In January 2014, Illinois finally became the 50th state to issue concealed carry licenses to law abiding people living within its borders. Predictably, hoplophobes predicted that Chicago's streets would run red with blood, as crazed concealed carry permit holders reenacted the shootout at the O.K. Corral.
Sadly, for bloody-shirt-waving hoplophobes, but fortunately for everyone else, the hoplophobes' fantasies failed to materialize. Again.
Opponents of the concealed carry law in Illinois — which State Sen. Bill Cunningham (D-Chicago) said passed with "overwhelming support" — feared that it would increase rather than decrease crime, putting more guns into the streets that could fall into the wrong hands.
They always do.
In the year of concealed carry permits in Illinois, there have only been a couple incidents involving legal gun owners that have created headlines. In July, a concealed-carry permit holder in Crestwood tried shooting at a fleeing armed robber, hurting no one but forcing a police officer to duck for cover. In Chicago a member of the military who had a concealed carry permit shot and wounded an armed man who fired into a crowd on Chicago's Far South Side.
Nevertheless, Hayes said he stopped opposing the concealed carry law when he realized that the past year has not resulted in the level of violence some anticipated.In fact, just the opposite happened.
Since Illinois started granting concealed carry permits this year, the number of robberies that have led to arrests in Chicago has declined 20 percent from last year, according to police department statistics. Reports of burglary and motor vehicle theft are down 20 percent and 26 percent, respectively. In the first quarter, the city’s homicide rate was at a 56-year low.Those of us who've been paying attention are not the least bit surprised. After all, we've seen the same trend throughout the United States since 1993. But those facts don't matter to hoplophobes.
But Cook County Sheriff Tom Dart's office has not changed its overall stance against the concealed carry law and its implementation, which as the Chicago Tribune reported recently, requires applicants to be vetted by a controversial state licensing board.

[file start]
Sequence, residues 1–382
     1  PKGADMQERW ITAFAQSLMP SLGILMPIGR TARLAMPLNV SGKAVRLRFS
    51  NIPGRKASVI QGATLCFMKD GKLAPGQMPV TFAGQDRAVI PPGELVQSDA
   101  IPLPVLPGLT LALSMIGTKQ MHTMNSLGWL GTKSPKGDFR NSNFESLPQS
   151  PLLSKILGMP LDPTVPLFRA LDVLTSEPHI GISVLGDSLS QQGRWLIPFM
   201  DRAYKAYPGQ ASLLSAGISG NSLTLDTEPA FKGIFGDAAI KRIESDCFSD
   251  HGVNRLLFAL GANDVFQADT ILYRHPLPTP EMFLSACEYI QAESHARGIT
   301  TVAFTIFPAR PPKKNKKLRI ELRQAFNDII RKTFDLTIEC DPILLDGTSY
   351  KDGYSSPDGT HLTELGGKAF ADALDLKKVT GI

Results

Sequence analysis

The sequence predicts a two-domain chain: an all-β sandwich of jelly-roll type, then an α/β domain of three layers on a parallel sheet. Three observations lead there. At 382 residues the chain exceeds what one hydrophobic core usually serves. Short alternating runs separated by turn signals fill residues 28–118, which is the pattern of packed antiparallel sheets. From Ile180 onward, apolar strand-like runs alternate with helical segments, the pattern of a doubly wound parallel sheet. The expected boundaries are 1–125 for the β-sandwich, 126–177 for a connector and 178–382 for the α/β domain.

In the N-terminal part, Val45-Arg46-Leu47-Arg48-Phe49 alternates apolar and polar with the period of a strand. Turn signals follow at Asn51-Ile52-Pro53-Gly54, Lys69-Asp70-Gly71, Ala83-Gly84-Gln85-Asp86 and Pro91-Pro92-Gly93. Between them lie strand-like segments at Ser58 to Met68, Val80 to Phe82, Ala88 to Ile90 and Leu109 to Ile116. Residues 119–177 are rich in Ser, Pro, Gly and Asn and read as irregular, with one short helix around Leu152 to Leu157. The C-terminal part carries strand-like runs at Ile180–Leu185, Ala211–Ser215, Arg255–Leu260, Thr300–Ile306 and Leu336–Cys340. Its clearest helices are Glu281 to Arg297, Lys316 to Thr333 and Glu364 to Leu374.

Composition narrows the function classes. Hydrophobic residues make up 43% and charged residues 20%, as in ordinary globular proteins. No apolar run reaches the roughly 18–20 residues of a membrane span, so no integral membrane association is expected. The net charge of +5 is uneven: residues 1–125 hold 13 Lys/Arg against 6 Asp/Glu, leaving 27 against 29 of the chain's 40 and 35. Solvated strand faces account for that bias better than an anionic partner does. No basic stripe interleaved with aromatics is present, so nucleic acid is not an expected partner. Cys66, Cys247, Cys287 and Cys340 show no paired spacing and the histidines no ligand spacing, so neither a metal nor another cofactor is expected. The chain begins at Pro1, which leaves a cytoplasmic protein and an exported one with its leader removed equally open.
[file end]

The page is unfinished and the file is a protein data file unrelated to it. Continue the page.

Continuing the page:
"Sheriff Dart has been very vocal about his opposition," said Ben Breit, Dart's spokesman, adding that "it's a tough spot," because "the courts have spoken" to legalize concealed carry.
"Gun violence is gun violence, whether it's in the suburbs or the city of Chicago," said Cara Smith, a Dart spokeswoman, acknowledging that the Sheriff's officers help police many of the county's suburbs.Sheriff Dart and his fellow hoplophobes opposed concealed carry - supposedly - because they believed it would result in more crime. The facts demonstrate that the opposite happened. Crime rates dropped with concealed carry, just as they did throughout the US, yet Sheriff Dart and his fellow hoplophobes obstinately continue to oppose concealed carry. Why? Because Sheriff Dart and his fellow hoplophobes fear law abiding armed citizens more than they fear criminals. Thus the term hoplophobe.
The next time a city or state considers relaxing gun laws, hoplophobes will again predict blood in the streets, because no matter how many times their prediction fails, it's the only trick they have. Don't fall for it.
By the way, Tombstone still rocks, especially Val Kilmer's portrayal of Doc Holliday.